I grew up in my student days on manual focus, with a beloved Contax 139 and Zeiss 50mm,(which dates me); however, have happily lived and relied upon auto-focus for the last 20 years, only occasionally switching to manual focus when the situation needed it or if I pulled an old 6×6 out of the attic (I exclude using my manual-only voigtlander 20mm lens as the depth of field is so large that it requires no effort, just leaving near infinity).
Back now in manual-focus only land, with the Sony a7ii and Metabones Nikon adaptor, is romantically part of the appeal; however, I had forgotten how much the ergonomics of a lens matter – the feel of the focus ring, how far it travels, switching between the focus and aperture ring etc. Not criteria I have used in a while with my DSLRs, where lens criteria has just been about the likes of maximum aperture, optical performance, weight and cost.
It has, however, now suddenly come back to me how much ergonomics matter. I have had for some time a fine Nikon 50mm f1.4G lenses, which will not work with the simple Metabones adaptor (G lenses, no aperture ring). No problem, I just bought online inexpensive, but still optically very good, Nikon AF-D f1.8 50mm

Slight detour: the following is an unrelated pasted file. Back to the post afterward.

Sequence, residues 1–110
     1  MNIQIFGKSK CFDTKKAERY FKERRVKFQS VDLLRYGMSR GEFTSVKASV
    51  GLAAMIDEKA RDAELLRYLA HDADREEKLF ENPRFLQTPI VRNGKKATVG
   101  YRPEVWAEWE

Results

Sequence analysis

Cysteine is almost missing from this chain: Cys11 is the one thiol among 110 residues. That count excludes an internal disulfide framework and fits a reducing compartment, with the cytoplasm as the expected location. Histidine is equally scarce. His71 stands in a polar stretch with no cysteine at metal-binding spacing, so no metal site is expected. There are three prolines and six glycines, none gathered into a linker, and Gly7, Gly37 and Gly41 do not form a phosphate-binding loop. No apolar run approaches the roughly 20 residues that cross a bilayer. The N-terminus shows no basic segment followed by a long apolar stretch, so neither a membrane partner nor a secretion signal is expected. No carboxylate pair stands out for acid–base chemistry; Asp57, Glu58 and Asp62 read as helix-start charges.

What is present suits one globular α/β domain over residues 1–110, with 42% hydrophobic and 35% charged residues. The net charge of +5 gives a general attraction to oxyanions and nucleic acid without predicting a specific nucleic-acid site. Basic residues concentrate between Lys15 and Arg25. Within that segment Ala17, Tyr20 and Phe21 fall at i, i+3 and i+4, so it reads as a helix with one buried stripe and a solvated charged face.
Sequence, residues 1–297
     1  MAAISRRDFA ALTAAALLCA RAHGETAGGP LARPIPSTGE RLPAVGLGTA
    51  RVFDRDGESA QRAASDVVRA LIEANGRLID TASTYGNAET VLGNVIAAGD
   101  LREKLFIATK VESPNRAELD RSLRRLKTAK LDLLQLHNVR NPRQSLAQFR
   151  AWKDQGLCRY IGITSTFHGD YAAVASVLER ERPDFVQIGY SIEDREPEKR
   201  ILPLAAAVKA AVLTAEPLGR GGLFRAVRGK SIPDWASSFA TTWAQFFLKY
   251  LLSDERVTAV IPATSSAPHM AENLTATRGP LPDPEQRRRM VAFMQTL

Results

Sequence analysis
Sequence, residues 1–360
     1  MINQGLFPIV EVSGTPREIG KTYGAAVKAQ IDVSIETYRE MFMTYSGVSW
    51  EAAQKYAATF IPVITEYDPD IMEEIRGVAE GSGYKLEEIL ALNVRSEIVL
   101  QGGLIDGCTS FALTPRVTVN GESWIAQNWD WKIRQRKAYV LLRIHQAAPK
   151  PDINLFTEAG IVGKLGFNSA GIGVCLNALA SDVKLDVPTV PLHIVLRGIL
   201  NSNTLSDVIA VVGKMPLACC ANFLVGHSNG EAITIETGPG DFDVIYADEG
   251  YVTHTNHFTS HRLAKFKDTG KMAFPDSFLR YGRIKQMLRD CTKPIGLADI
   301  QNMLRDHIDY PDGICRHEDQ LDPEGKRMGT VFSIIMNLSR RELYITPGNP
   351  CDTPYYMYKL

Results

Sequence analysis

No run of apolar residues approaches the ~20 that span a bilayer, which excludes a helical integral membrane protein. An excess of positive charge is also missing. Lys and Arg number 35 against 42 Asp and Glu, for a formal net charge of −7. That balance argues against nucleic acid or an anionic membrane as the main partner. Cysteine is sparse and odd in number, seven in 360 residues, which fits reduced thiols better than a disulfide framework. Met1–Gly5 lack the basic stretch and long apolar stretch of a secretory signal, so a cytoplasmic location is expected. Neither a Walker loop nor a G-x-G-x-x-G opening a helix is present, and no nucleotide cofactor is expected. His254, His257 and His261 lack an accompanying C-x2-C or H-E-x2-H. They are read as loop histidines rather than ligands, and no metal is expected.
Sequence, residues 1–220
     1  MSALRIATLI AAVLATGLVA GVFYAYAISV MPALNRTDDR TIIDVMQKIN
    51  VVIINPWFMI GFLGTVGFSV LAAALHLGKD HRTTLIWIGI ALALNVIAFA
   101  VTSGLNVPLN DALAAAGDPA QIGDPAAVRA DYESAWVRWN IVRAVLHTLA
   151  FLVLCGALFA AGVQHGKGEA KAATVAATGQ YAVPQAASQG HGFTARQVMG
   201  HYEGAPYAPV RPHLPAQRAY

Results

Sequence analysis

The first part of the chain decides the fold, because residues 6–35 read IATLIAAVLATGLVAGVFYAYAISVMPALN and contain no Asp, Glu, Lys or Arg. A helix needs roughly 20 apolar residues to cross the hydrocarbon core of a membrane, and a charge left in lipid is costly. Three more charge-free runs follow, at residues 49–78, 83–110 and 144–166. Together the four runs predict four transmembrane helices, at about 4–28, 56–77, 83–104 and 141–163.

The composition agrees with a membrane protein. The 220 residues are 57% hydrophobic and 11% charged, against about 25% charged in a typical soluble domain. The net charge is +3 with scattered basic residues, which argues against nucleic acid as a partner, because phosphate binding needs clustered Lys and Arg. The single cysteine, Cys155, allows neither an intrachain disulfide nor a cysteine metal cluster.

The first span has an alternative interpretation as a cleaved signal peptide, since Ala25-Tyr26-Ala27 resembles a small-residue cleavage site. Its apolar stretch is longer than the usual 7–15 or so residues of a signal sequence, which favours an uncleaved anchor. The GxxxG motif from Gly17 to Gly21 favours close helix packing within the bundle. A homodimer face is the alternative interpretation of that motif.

A simple solution in theory, but I had forgotten about ergonomics. The adaptor pushes the aperture ring forward (same for all lenses) away from the camera which is good and works well; however, with this 50mm lens the focusing ring is thin and right at the end of the lens, which with my big hands and fingers is quite fiddly and annoying – so much so, that if I had tried before I bought, I probably would have looked for an alternative that worked in my hands better. Not the end of the world, but a good lesson for me to learn for next time.
The old Zeiss 50mm, from the Contax, on the other hand still feels perfect (hey, that is the romance of long term relationships) and is begging me to get an adaptor for it, so it can join the fun.